Felicity Huffman was arrested in connection with the college admission scam on Tuesday, but Lori Loughlin was reportedly not at home when federal agents tried to take her into custody.
Both Huffman and Loughlin were among the high-profile arrests on Tuesday morning when federal prosecutors opened a case against an alleged college admission scam. The two acclaimed TV actresses are accused of bribing esteemed colleges to admit their children. On Tuesday, NBC reporter Andrew Blankenstein revealed that Loughlin was not yet in custody.
"Actress Felicity Huffman is in Federal custody after being arrested at her home without incident," Blankenstein tweeted. "There is an arrest warrant out for actress Lori Loughlin, who was NOT in Los Angeles this morning when Federal agents went to her home per officials familiar."
UPDATE: Actress Felicity Huffman is in Federal custody after being arrested at her home without incident. There is an arrest warrant out for actress Lori Loughlin, who was NOT in Los Angeles this morning when Federal agents went to her home per officials familiar.— Andrew Blankstein (@anblanx) March 12, 2019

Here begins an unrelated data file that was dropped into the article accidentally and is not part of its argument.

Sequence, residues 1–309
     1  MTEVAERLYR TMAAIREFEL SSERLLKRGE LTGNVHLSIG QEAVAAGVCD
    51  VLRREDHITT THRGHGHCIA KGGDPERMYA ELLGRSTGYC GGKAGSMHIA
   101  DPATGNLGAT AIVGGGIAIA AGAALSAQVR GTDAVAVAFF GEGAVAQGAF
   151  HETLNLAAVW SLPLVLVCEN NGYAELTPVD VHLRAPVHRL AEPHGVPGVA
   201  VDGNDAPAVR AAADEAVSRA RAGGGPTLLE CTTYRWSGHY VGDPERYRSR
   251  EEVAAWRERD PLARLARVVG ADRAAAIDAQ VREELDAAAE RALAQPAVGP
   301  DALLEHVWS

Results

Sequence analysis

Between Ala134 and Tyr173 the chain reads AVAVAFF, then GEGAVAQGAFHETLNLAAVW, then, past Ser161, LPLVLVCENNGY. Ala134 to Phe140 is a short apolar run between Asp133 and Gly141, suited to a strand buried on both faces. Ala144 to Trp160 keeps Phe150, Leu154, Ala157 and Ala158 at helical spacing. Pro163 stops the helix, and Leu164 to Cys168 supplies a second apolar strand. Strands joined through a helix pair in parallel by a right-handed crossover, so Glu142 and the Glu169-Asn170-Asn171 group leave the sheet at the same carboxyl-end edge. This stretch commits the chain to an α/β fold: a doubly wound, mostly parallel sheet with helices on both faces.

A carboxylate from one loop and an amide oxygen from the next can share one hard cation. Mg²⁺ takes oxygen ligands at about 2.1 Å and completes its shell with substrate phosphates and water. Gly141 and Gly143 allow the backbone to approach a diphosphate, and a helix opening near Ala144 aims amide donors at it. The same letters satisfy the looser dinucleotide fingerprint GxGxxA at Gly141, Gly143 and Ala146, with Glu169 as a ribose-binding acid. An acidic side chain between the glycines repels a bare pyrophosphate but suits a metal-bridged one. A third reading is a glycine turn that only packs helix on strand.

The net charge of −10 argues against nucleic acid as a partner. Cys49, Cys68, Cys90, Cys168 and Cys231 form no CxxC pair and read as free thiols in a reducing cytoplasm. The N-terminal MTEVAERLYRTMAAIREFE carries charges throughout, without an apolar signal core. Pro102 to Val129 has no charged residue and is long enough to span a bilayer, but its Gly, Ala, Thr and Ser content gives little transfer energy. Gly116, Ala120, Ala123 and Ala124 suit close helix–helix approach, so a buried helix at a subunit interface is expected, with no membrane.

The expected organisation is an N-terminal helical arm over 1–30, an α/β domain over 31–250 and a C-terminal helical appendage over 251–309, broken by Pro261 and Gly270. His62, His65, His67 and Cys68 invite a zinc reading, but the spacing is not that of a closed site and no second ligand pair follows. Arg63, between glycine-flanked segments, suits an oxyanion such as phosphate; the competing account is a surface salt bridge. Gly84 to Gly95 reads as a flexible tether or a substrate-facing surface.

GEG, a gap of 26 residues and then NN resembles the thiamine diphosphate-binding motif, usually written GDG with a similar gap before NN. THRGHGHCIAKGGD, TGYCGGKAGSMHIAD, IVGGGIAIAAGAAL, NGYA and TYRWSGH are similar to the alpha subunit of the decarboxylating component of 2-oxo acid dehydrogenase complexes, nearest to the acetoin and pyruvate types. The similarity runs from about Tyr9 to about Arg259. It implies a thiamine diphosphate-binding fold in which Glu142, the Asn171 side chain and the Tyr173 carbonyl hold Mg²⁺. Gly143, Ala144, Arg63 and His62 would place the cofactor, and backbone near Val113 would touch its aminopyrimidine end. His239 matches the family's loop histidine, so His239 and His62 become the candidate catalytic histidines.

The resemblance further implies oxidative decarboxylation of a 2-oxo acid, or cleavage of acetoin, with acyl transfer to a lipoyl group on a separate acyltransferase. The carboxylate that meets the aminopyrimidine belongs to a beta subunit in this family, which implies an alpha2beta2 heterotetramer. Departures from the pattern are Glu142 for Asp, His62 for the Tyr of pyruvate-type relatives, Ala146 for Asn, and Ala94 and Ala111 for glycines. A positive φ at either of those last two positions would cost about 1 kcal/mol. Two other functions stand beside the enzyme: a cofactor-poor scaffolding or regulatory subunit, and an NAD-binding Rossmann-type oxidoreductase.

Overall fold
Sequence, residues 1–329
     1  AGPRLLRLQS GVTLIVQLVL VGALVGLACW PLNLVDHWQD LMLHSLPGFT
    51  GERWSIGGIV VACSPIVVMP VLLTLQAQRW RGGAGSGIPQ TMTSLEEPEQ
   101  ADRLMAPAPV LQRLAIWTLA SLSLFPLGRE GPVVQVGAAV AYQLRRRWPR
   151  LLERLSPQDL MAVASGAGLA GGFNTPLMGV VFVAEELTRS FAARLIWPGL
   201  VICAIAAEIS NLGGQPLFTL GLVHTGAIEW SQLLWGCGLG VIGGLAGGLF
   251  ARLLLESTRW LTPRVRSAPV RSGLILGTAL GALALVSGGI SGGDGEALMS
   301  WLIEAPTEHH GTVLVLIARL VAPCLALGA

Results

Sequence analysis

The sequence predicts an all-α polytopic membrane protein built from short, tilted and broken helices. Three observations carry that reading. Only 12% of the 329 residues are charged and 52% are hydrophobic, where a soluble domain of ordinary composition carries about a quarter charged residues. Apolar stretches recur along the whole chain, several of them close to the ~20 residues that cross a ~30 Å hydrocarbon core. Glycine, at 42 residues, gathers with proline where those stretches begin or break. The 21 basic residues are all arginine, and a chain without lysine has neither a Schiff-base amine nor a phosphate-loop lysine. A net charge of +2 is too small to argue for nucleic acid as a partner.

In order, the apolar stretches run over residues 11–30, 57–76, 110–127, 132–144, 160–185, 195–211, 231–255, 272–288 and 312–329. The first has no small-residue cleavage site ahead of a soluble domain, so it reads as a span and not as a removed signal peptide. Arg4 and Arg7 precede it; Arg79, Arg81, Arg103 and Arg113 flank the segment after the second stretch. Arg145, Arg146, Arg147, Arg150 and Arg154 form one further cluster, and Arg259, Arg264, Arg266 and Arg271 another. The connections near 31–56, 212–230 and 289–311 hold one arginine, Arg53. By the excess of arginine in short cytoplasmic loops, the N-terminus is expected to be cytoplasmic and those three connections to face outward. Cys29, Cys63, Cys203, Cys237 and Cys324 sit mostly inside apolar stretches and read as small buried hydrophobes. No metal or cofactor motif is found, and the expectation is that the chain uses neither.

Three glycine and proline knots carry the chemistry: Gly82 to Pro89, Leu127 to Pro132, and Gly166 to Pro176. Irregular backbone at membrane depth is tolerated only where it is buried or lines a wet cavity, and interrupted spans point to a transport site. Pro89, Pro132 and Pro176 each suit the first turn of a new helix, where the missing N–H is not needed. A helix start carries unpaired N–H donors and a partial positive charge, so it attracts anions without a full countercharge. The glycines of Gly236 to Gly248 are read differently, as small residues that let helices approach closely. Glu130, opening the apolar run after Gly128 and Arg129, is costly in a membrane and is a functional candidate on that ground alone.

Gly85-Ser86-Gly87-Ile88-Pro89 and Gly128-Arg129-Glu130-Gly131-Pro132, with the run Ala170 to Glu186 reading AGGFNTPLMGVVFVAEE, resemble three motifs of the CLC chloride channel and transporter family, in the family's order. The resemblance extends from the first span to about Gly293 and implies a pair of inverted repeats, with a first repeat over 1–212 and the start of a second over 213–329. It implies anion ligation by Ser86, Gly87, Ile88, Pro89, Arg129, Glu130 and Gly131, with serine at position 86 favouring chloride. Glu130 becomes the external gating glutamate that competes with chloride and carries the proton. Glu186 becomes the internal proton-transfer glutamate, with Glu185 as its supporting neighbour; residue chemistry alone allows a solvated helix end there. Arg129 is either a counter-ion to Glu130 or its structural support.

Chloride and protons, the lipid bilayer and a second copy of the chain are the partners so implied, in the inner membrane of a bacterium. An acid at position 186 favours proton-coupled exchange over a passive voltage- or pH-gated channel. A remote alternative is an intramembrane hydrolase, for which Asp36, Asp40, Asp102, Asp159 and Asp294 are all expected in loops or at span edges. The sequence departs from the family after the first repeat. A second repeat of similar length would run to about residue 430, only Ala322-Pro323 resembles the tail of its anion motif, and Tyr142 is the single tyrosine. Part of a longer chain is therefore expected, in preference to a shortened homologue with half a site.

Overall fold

The Full House star's Instagram also went abruptly silent, with all of her posts first disappearing before the entire profile evaporated. Her Twitter page vanished as well.
Loughlin was among 50 people across the nation implicated in a huge college admission cheating scandal on Tuesday. Others arrested included Huffman — known for her role on Desperate Housewives — as well as corporate executives, university coaches, standardized test administrators and other parents, according to a report by CBS News.
The alleged scam centered around one man in California named William Singer. Federal authorities say the parents knowingly paid bribes ranging from thousands of dollars to $6 million dollars to Singer, who would then forward it to the appropriate person to help with admission.
This was either a coach, who would falsely admit the student as an athlete, or an administrator of the SATs or ACTs. The administrator would either correct the student's test answers or even hire a proctor to take it for them.
Singer ran a steady business getting students into Yale, Stanford, Georgetown and the University of Southern California. The extensive court documents released on Tuesday noted Loughlin's payment to Singer was disguised as a "charitable contribution."0comments
"These parents are a catalog of wealth and privilege," said U.S. Attorney Andrew Lelling.
The court documents also noted that most of the students in these cases did not know about the bribes. So far, Loughlin, Huffman and their families have not issued any response.